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Model Project Test Results
Conclusions

Arch 324, Introduction to Structural Design, University of Virginia
Last updated Tuesday, March 12 1996, at 5:14 PM Copyright © 1996, Kirk Martini

Conclusions

It would be easy, but not quite right, to conclude from these results that beams are stronger than arches, since most of the strongest structures were beams. A more appropriate conclusion is that stability is extremely important: you cannot take full advantage of the material's strength (and these materials are very strong at this scale) unless you prevent stability failure. Within the constraints of this particular problem, structures with a depth greater than 6 to 8 inches tended to suffer stability problems at relatively low loads, while shallow and wide structures were able to defer stability problems until much higher load levels.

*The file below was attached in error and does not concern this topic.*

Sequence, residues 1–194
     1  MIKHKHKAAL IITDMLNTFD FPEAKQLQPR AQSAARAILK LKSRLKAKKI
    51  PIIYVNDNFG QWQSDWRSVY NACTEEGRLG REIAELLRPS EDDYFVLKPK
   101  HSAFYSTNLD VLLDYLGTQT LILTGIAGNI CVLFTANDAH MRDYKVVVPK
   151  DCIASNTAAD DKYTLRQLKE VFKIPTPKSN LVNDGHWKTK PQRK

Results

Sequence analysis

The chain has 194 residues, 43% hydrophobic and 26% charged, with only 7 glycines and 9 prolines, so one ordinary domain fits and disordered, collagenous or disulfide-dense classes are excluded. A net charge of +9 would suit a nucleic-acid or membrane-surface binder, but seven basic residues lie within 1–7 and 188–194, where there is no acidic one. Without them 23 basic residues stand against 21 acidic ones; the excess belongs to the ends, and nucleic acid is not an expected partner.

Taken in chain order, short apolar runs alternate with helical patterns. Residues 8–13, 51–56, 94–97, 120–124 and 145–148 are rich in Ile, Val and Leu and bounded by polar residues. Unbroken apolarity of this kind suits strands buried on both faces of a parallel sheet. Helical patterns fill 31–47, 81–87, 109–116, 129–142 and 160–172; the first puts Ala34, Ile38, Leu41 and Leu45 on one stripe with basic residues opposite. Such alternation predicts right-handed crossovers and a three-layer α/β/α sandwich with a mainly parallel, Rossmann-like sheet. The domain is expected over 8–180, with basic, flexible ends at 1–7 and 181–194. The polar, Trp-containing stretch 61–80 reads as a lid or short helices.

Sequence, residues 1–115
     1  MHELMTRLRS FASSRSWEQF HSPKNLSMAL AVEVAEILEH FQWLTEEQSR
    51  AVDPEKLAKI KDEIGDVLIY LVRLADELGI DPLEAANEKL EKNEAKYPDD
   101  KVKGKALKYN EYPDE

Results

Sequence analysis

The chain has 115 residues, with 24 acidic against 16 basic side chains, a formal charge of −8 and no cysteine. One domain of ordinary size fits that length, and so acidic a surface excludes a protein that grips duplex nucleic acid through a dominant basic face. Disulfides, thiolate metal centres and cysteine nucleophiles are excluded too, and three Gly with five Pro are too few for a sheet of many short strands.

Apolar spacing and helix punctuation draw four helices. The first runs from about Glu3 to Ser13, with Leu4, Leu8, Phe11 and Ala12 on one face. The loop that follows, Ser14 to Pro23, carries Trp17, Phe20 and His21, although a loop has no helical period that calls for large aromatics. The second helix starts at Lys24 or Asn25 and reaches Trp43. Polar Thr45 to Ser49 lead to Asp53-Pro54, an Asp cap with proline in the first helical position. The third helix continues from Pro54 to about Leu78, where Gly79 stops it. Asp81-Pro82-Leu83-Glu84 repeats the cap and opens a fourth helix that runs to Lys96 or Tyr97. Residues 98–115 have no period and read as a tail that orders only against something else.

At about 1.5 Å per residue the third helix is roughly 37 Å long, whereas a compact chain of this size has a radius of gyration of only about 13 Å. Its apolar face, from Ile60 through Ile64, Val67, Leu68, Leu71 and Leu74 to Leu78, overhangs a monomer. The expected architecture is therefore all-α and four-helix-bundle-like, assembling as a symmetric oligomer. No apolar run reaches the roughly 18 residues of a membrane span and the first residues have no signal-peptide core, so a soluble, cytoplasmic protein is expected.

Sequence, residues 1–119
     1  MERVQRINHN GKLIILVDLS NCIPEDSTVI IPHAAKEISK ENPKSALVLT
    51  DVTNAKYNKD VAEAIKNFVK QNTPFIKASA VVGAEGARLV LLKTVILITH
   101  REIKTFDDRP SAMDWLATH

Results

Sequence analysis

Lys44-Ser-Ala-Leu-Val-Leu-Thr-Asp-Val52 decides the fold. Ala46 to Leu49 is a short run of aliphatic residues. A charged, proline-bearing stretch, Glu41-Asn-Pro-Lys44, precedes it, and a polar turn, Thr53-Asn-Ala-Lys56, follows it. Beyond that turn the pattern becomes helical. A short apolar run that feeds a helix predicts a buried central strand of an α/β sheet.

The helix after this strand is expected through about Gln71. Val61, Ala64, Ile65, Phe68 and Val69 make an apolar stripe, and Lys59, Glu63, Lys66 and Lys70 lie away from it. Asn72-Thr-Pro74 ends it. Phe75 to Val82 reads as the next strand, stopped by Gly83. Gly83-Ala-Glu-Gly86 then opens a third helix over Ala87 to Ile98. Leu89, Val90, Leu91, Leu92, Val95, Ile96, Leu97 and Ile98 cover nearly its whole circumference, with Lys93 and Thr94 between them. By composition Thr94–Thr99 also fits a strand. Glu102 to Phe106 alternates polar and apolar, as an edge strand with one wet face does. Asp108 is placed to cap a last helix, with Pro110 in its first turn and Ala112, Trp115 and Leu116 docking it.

Stability failures are strongly three dimensional. When we analyze structures in two dimensions, we assume that there is bracing to prevent movement out of the 2D plane. In theoretical models, assumptions are enough. In real structures, they are not; the lateral bracing has to be there. As the case studies in Petroski make clear, design failures most commonly arise by forgetting to consider something, rather then considering it incorrectly.

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Last updated Tuesday, March 12 1996, at 5:14 PM
Copyright © 1996, Kirk Martini
Please send comments or questions to Martini@virginia.edu
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